Iraq's Less-Than-Reliable Military Is Getting Hundreds Of American Tanks And Armoured Vehicles

Egypt U.S. army tanks abramsREUTERS/US NAVY/PH1 William F. GowdyA US Army M1A1 Abrams tank rolls across the Egyptian desert on Oct. 25, 2001.

Iraq is getting a lot more American armour.

According to Defence News, the US donated $US300 million in military equipment to Iraq in 2014, and will deliver 6 M1 Abrams tanks and 50 humvees to the Baghdad government at no cost.

And in late December, Defence News also reported that the US State Department authorised Iraq to purchase 175 M1 Abrams tanks and other vehicles from the United States, stocking up on an asset that has already proven useful for US allies across the region.

The State Department approved the $US2.4 billion deal in late December “to facilitate progress towards increasing [Iraq’s] ability to quickly mobilize and defend its border.”

Over the past two weeks, the US has also delivered 250 MRAPs to Iraq, the mine-resistant ambush-protected vehicles that replaced the under-protected humvee during the course of the American-led war in Iraq last decade.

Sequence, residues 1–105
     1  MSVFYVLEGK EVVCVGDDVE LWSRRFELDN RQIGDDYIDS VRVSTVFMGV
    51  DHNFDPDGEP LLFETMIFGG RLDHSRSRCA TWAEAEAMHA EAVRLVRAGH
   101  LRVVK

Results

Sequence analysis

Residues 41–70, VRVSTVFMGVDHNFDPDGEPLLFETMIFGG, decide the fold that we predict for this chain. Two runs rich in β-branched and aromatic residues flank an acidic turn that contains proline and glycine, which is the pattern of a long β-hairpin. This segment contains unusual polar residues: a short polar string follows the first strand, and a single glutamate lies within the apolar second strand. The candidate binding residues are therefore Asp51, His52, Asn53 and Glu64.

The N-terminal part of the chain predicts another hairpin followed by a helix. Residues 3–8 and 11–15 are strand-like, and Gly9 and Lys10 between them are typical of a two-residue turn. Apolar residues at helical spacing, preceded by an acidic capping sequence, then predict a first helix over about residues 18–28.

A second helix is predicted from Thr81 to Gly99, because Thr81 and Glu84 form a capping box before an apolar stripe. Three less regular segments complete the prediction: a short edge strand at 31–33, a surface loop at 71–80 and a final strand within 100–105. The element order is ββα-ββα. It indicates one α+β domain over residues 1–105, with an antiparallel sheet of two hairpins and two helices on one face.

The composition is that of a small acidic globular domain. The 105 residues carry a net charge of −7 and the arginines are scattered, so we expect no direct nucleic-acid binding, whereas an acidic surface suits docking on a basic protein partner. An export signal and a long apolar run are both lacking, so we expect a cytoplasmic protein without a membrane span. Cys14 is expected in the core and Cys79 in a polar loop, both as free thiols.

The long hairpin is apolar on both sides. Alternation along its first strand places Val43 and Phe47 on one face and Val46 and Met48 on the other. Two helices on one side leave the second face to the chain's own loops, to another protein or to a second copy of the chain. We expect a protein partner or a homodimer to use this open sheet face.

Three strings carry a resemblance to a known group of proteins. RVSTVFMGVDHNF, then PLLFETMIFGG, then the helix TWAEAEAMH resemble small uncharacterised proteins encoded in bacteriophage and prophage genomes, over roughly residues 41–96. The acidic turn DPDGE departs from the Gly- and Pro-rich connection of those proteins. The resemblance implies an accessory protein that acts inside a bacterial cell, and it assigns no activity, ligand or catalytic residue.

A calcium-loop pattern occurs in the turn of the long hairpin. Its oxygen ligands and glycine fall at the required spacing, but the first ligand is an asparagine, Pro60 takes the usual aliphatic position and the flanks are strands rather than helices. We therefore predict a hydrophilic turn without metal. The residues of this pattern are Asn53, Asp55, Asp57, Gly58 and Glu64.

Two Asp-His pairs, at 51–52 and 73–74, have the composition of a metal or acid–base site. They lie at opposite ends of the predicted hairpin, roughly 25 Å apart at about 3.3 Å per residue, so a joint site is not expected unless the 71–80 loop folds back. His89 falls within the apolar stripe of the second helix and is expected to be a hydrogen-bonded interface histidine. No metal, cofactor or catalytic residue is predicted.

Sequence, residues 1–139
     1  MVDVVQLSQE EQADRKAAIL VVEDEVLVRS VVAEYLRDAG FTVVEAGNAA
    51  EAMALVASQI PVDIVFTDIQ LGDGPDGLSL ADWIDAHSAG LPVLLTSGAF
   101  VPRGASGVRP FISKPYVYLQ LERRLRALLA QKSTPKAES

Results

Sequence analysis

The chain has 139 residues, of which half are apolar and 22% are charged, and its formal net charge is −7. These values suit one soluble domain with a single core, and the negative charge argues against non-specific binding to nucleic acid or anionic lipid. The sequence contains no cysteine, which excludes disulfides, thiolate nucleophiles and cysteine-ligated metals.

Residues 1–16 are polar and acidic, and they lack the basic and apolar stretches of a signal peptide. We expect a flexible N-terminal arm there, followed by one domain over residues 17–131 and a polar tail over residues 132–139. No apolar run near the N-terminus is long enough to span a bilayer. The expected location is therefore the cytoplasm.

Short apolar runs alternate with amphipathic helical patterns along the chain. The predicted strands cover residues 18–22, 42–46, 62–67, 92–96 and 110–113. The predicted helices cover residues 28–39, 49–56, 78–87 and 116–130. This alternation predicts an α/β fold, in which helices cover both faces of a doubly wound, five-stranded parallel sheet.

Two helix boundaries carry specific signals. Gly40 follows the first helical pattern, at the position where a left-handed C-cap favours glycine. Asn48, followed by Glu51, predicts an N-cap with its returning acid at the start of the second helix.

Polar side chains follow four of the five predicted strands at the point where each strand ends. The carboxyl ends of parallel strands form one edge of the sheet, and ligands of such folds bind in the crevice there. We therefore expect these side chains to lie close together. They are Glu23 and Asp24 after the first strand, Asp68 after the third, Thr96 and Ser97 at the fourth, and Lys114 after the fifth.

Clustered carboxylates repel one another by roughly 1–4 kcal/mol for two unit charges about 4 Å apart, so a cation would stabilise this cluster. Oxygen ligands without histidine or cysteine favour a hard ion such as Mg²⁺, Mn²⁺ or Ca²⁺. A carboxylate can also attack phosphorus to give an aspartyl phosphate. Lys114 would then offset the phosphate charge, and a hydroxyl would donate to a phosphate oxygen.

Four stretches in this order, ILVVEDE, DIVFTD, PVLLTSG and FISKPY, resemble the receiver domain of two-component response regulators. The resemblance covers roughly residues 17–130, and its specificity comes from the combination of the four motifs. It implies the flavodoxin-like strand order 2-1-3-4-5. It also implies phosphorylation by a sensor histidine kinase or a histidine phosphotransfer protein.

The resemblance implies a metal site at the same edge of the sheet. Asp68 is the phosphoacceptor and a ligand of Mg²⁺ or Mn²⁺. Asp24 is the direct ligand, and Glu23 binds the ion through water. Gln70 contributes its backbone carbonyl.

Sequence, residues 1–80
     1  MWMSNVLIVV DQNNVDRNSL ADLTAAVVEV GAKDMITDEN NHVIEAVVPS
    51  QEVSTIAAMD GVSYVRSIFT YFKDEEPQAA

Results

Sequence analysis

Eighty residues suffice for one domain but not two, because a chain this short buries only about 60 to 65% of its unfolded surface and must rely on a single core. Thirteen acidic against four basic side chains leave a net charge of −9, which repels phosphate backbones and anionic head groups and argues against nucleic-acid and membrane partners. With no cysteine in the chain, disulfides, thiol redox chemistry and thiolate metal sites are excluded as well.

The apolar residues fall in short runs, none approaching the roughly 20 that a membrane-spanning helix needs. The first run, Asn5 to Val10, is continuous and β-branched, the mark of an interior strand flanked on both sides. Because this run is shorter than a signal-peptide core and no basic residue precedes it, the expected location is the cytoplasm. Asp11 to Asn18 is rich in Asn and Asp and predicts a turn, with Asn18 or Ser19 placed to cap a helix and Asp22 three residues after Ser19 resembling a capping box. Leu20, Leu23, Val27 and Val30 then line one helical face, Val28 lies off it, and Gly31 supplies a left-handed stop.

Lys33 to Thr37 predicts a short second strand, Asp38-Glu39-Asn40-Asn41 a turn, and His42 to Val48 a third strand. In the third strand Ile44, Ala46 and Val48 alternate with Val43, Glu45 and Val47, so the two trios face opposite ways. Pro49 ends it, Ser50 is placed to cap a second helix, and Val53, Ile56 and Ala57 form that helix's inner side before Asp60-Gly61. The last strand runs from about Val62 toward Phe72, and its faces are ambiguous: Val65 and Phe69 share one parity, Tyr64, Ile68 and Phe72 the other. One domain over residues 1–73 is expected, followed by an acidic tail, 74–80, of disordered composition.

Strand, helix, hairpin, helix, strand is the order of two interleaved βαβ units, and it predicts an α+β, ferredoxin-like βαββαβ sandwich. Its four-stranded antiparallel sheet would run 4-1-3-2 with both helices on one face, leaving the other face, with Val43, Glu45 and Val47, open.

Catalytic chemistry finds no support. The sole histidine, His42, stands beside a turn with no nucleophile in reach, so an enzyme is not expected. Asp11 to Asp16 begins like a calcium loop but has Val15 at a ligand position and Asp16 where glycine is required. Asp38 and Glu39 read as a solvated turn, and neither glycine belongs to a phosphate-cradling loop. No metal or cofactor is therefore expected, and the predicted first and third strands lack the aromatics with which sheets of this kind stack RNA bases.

The Iraqi army has a poor recent record of allowing US-supplied weaponry to fall into the wrong hands. US-supplied firearms and vehicles were seized from the Iraqi military when ISIS blitzed through northern and western Iraq in June.

And at least 40 units of the M1 Abrams have been lost “to enemy action or panic” in Iraq intelligence commentator Matthew Aid wrote, likely referring to the wave of desertion that swept the Iraqi army as ISIS swept through the country. Indeed, four of the country’s fourteen army divisions — representing roughly 30,000 troops — disbanded during the ISIS offensive last June.

That month, an unnamed member of the Obama Administration told The New York Times that 28 Abrams tanks were damaged and five “sustained full armour penetration by antitank guided missiles” in the first half of 2014, which culminated in ISIS’s capture of Mosul.

At the height of the US-led war in 2008, Iraq ordered 140 such tanks, 60 tank transporters, and 21 armoured recovery vehicles capable of towing large military vehicles. They received the order in 2010.

In 2009, the year between order and delivery, the US-based Abrams factory was operating at its peak, putting out two or three refurbished tanks daily. Today the military is doubtful of the need to keep producing or fixing up battle tanks suited for conventional warfare, according to The Washington Post. This time last year, the Abrams factory was down to 500 employees, from a peak of 1,220.

But aid wrote that other American allies operating the tank — Egypt, Kuwait and Saudi Arabia — are “quietly pleased” with the tank’s abilities. “Iraqi army officers have spoken to fellow Arab officers who have used the M-1, and were told this was the way to go.”

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